Something about a shiny new year makes you want to do better. Getting more exercise is a popular resolution, with good reason. You don’t need us to tell you that exercise is good for you in tons of ways (weight control, mood lift, energy boost, and sounder sleep, anyone?).
So hitting the gym should be a no-brainer, right? In theory yes. But as anyone who’s ever lived in a human body can attest, it’s not always that easy. Sometimes you just don’t have the energy or the motivation — especially during the dark and dreary days of winter. And Netflix isn’t going to watch itself. You’ll be more likely to stick to your resolutions if you follow a few simple tips:
- Be Specific. Instead of embracing the vague notion of exercising more, resolve to go to the gym three times a week, swim a certain number of laps, or gradually build up to lifting a specific weight.
- Be Realistic.Consider your current activity level (be honest!) and aim to exercise a little more often, a little longer, or a little harder. There’s no shame in agreeing to walk a mile a day or do YouTube dance aerobics for 15 minutes a few times a week. You can raise the bar again when you reach your goal.
- Make a Plan. What do you need to achieve your goal? A gym membership? Athletic clothes or equipment? An exercise buddy to keep you accountable? Set yourself up for success, by putting it in place before you begin.
- Have Patience.Be patient with the process. It can take time to get faster, stronger, or more limber. And be patient with yourself, too. If you skip a day of your cycling routine, don’t beat yourself up. Just get back on the bike tomorrow.
If you need little extra boost, we’ve got your back, with our selection of sports nutrition products.
If a consistent lack of energy is holding you back from working out, you may be low in iron. This is a common complaint for women of child-bearing age, but the fellows aren’t exempt. It’s hard to hit the gym, the pool, or the track when you feel exhausted before you start. Get your iron levels tested, and if you’re low, reach for Ferritin+, our highly absorbable, plant-based, non-constipating iron.
Beet juice is a perennial favorite among the sporty set. Why? In a word, nitrates.
When you eat or drink something with nitrates, your body converts them to nitric oxide. And that magical little compound helps your blood vessels relax, open wider, and let more blood flow through them. The end result? More oxygen and nutrients reach your hard-working muscle cells.* Numerous studies (including a review of 23 studies — 23!) have shown beet juice improves the speed and stamina of runners, cyclists, swimmers, and kayakers.*,,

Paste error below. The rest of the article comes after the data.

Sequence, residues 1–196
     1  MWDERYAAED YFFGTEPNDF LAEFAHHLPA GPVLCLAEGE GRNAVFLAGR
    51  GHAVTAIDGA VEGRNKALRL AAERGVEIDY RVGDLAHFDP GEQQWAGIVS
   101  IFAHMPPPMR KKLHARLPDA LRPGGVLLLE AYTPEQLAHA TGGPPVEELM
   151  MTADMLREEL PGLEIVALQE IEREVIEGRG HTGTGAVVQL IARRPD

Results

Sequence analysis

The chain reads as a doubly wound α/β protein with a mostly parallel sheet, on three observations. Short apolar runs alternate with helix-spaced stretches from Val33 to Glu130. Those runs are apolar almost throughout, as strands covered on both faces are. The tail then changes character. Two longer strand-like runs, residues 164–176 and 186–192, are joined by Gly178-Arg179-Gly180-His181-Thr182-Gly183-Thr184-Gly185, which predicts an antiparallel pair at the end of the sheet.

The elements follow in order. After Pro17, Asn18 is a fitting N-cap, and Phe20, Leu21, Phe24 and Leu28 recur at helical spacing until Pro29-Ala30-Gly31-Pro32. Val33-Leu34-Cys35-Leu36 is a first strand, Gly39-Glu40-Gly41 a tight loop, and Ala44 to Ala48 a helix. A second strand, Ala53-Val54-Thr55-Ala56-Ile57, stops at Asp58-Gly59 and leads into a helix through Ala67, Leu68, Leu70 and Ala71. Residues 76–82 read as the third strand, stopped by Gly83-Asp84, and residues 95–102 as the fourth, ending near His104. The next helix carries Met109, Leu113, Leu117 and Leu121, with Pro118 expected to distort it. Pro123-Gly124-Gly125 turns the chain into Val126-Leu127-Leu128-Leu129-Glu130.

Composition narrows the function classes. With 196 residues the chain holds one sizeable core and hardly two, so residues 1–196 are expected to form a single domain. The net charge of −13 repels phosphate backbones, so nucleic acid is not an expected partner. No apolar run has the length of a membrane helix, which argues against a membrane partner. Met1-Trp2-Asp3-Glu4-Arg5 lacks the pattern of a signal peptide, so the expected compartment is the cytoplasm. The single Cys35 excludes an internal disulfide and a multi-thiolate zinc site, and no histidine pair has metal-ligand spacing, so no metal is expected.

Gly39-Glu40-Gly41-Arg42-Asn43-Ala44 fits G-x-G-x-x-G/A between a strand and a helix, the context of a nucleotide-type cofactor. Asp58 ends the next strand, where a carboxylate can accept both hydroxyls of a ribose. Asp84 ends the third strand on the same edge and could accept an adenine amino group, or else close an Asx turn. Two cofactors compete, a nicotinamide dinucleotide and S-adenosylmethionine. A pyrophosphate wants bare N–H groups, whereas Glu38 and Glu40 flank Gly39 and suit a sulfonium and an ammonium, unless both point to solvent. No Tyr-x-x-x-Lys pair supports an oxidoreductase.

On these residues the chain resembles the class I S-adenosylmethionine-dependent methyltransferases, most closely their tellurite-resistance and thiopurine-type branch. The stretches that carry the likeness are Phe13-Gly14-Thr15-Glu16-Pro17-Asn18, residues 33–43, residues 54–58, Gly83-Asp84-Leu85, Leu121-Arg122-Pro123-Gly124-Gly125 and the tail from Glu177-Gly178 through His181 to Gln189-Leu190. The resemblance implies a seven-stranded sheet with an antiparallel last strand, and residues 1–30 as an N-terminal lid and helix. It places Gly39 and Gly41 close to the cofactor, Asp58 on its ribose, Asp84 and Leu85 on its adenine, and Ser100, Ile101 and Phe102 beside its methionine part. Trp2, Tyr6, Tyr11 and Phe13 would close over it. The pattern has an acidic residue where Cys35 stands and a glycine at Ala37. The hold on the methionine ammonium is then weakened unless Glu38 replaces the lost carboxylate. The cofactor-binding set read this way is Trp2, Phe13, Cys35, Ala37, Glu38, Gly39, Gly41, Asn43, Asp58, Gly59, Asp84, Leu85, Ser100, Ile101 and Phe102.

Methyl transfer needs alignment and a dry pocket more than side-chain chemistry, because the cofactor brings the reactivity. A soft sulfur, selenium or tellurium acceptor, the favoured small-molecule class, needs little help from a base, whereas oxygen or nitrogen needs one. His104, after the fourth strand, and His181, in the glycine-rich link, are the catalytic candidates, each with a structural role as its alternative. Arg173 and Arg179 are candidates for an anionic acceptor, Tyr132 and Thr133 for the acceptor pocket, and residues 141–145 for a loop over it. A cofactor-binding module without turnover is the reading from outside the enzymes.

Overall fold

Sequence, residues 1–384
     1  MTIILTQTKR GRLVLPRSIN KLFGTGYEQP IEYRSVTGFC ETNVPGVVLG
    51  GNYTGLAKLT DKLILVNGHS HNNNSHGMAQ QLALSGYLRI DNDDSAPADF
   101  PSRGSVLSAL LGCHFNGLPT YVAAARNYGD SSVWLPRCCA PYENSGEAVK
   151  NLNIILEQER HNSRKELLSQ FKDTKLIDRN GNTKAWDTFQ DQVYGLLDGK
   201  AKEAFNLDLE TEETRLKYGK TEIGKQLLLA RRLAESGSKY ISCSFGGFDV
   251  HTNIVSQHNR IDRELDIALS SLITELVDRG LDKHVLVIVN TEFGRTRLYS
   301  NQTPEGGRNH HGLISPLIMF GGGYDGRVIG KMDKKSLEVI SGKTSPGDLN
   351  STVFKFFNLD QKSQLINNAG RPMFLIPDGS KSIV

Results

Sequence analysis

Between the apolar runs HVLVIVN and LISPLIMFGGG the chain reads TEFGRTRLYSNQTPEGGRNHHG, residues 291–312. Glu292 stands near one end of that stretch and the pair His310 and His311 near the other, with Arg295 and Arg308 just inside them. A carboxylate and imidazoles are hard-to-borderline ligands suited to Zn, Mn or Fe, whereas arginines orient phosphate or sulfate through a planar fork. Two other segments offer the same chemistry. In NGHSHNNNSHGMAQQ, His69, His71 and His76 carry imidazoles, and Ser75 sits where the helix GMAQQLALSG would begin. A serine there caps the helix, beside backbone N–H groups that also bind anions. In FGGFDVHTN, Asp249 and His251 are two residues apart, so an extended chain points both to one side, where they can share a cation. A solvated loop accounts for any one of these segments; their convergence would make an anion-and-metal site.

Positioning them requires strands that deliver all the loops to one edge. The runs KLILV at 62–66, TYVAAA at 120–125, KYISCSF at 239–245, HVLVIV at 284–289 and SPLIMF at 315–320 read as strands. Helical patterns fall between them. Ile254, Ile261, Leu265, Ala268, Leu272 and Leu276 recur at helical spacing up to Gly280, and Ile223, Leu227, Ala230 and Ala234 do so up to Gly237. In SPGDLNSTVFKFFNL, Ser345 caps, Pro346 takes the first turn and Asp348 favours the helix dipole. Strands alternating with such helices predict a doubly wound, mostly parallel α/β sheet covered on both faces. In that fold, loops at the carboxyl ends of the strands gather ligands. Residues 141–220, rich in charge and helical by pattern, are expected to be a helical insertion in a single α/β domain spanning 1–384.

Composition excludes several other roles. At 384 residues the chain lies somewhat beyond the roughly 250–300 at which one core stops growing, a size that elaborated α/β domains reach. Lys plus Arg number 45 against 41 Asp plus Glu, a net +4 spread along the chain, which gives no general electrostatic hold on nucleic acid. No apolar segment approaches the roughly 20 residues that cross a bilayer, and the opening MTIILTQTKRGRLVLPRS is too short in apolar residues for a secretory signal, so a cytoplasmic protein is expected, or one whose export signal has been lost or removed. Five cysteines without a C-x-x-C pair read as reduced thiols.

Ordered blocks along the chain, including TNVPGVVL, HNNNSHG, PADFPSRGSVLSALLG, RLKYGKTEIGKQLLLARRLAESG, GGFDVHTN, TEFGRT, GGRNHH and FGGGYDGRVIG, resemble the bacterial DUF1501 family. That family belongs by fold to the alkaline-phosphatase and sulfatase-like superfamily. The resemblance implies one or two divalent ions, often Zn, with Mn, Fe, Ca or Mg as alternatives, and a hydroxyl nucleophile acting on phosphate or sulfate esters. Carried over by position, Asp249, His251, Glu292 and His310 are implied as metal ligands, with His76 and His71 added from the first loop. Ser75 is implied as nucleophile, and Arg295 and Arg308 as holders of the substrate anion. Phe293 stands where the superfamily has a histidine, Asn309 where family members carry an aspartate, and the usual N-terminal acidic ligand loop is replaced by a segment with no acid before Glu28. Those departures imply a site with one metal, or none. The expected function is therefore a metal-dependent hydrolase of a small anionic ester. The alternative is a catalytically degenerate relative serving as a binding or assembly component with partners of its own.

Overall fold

Flora makes beet juice easy. No expensive juice bars or messy home juicing. Every jar of our Red Beet Crystals contain 5.7 pounds of organic, vacuum-dried beets, pressed fresh from the fields. Just scoop and mix with water. The crystals dissolve into a sweet juice, with all the goodness of fresh beets and no added sugar. You can also get creative and add them to fruit or vegetable juice, soups, smoothies, and protein shakes or sprinkle them on a salad.
If you’re looking for a good all-around sports supplement, Omega Sport+ is it. Omega-3 fatty acids have well-documented benefits for cardiovascular health, muscle recovery, immune response, and cognition — all of which are especially important for athletes.*
Omega Sport+ provides:
- A balanced, plant-based blend of omega-3, -6, and -9 oils
- Medium chain triglycerides, which deliver fuel your body can use for rapidly available energy*
- Turmeric to promote a healthy inflammation response and better digestion*
- 75% of the RDI of vitamin D for bone, muscle, and immune health*
Here’s to a happy, healthy, active new year!
 Thompson C, et al. Dietary nitrate improves sprint performance and cognitive function during prolonged intermittent exercise. Eur J Appl Physiol. 2015 Sep;115(9):1825-34. https://pubmed.ncbi.nlm.nih.gov/25846114/
 Domínguez R, et al. Effects of beetroot juice supplementation on cardiorespiratory endurance in athletes: a systemic review. Nutrients. 2017 Jan;9(1):43. https://www.ncbi.nlm.nih.gov/pmc/articles/PMC5295087/
 Lewis NA, et al. Are there benefits from the use of fish oil supplements in athletes? A systematic review. Adv Nutr. 2020 Sep 1;11(5):1300-14. https://academic.oup.com/advances/article/11/5/1300/5834649